It was in the Soviet Union that he experienced ‘full human dignity.’ This was when Robeson committed to Soviet communism. He urged black youths to never fight for the US if they ever waged war with the Soviet Union.
In 1950, authorities revoked his passport, and he got ‘blacklisted’ by concert managers. Finding himself unable to make a living any longer and refusing to change his political philosophy, he fell into a deep depression from losing human contact with friends and fans.
Robeson attempted suicide twice but later died of a stroke in 1976.
Mae West (1893–1980)
Mae West⁵ was originally known as ‘The Baby Vamp’ who grew up in Vaudeville. It was in 1926 when she wrote, directed, and produced the Broadway show Sex. This later led to her arrest for obscenity. A year later, her next play creation called Drag was outright banned as it openly dealt with homosexuality.
Because of the reputation she had forged, West created the fine art of using self-parody and innuendo. She went on to write the scripts for five out of nine of her Hollywood movies. It was said that the movie great George Raft, who she had hired to support her in Night After Night in 1932, later complained: ‘She stole everything but the cameras.’
‘I believe in censorship. After all, I made a fortune out of it.’
West’s 1933 film entitled She Done Him Wrong has been credited with rescuing Paramount from imminent bankruptcy. Her popularity and brand had reached such peaks that even sailors were naming their inflatable life jackets after her.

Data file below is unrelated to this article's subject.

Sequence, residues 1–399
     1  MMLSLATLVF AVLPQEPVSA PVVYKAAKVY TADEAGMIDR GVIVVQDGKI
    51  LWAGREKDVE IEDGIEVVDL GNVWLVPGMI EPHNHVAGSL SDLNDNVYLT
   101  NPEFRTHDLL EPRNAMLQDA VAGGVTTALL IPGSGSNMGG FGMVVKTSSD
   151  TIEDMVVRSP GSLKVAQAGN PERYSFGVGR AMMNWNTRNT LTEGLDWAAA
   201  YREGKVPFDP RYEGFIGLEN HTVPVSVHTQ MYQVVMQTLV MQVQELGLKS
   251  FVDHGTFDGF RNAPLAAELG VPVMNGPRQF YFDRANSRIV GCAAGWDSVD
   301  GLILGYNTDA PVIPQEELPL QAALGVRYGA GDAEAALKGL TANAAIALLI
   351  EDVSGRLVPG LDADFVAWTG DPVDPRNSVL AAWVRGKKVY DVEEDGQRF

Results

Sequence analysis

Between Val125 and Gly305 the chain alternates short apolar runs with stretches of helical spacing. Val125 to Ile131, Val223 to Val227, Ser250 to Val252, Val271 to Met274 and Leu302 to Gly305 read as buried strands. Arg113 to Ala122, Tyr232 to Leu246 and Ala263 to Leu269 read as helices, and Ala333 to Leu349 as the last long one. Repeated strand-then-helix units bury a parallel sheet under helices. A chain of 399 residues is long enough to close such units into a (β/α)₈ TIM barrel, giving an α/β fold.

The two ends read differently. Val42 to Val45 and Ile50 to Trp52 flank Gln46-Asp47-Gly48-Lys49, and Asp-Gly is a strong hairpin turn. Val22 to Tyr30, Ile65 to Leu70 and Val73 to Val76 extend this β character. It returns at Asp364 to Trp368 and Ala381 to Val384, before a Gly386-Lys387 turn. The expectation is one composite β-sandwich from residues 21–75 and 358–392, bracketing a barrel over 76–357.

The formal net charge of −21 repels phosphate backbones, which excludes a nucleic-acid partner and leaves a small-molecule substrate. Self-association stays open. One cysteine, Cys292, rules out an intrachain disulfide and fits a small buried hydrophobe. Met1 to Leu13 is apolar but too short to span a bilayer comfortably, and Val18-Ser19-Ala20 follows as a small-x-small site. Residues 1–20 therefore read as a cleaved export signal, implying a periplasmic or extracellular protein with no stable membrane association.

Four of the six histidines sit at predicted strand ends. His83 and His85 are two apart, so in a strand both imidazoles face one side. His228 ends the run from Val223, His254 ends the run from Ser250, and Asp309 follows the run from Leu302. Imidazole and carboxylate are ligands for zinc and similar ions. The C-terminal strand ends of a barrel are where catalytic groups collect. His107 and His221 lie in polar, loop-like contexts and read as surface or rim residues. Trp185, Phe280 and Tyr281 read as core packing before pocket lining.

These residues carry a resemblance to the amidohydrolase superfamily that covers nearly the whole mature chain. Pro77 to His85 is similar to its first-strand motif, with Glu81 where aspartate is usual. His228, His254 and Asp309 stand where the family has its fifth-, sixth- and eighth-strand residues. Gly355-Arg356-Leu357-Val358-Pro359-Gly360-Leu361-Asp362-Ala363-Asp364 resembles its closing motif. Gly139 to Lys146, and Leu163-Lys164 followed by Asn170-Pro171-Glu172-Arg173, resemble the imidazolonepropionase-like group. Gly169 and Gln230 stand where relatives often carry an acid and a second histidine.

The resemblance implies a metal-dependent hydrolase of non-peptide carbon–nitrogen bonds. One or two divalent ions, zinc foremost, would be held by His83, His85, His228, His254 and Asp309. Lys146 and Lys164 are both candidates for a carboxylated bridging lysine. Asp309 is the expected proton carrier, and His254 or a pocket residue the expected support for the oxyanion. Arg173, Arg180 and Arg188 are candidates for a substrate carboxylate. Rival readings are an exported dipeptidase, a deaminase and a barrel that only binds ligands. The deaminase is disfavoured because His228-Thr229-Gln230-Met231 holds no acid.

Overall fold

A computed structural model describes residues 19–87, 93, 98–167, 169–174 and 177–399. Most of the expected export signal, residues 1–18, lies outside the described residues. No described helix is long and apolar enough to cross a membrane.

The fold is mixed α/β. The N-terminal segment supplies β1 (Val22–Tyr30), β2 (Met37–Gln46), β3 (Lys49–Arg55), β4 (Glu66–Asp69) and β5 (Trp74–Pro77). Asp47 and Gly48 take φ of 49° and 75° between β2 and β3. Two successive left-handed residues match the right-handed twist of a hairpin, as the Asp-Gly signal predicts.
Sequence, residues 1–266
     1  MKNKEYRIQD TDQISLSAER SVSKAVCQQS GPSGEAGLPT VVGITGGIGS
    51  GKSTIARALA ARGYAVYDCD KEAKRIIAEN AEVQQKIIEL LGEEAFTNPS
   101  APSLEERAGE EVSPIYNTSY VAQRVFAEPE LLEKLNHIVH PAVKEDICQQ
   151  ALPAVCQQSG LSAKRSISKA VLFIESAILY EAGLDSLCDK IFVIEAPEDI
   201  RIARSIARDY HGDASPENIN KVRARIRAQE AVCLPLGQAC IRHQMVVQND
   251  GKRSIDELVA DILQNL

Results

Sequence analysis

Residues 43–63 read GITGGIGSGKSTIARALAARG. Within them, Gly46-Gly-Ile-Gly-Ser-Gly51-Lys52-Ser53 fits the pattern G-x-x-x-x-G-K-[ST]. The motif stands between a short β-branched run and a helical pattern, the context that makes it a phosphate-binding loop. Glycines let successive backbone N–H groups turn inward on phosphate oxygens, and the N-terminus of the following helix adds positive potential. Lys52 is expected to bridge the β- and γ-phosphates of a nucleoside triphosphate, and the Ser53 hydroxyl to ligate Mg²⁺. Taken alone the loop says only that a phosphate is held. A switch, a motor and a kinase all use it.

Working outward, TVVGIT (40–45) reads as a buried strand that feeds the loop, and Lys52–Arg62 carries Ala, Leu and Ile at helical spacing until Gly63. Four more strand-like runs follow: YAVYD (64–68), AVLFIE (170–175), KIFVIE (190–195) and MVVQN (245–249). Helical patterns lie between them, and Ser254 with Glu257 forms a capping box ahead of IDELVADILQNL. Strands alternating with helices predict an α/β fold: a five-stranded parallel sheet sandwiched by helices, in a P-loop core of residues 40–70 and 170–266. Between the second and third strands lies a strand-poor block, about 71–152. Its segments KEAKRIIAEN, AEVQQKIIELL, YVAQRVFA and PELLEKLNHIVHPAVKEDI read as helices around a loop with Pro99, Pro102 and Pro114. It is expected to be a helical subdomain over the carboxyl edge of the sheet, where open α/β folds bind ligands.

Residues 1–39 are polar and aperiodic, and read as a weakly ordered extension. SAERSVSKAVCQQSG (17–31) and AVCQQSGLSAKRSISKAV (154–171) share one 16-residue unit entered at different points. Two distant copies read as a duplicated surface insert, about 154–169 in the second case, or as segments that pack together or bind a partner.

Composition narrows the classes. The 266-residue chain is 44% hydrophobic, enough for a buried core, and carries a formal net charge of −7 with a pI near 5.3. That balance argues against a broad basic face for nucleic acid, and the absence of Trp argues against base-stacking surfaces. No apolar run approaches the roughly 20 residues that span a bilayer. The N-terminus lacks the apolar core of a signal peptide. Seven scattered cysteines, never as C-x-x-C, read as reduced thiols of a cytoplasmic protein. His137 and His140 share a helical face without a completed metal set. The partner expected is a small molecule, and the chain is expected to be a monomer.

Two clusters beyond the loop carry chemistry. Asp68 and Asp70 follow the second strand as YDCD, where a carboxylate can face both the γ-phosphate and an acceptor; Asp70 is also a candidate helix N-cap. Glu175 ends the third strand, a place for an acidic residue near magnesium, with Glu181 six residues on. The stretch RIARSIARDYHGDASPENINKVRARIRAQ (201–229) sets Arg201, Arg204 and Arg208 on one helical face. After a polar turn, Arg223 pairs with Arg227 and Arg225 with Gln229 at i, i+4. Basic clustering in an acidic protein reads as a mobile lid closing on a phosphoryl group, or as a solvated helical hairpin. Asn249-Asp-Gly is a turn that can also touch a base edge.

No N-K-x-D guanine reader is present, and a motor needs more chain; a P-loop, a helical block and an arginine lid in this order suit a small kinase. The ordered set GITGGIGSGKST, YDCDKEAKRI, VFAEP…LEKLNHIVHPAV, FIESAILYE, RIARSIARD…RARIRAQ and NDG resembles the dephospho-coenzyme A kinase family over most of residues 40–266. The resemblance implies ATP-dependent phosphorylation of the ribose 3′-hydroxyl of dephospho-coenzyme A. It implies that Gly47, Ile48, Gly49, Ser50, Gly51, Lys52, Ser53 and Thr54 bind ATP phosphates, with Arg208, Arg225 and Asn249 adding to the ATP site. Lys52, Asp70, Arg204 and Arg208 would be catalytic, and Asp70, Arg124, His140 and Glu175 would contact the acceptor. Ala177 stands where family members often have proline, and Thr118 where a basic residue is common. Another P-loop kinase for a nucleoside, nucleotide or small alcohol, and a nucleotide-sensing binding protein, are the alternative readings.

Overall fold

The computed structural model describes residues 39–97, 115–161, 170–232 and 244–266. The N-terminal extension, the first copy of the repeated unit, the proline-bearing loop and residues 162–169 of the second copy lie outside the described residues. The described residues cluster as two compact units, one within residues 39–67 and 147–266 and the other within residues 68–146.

West turned down the part of Norma Desmond for the movie Sunset Boulevard. ‘When I’m good, I’m very good,’ she later said, ‘but when I’m bad, I’m better.’
And who could forget her famous quip: ‘Is that a gun in your pocket or are you just glad to see me?’
: PBS.org. Emma Goldman (1869–1940). https://www.pbs.org/wgbh/americanexperience/features/goldman-1869-1940/.
: UFW.org. The Story of Cesar Chavez. https://ufw.org/research/history/story-cesar-chavez/.
: Debra Michals, PhD. (2015). Rachel Carson. https://www.womenshistory.org/education-resources/biographies/rachel-carson.
: Gilbert King. (September 13, 2011). What Paul Robeson Said. https://www.smithsonianmag.com/history/what-paul-robeson-said-77742433/.
: Hadley Hall Meares. (June 16, 2020). “When I’m Bad, I’m Better”: Mae West’s Sensational Life, in Her Own Words. https://www.vanityfair.com/hollywood/2020/06/mae-west-autobiography-scandal.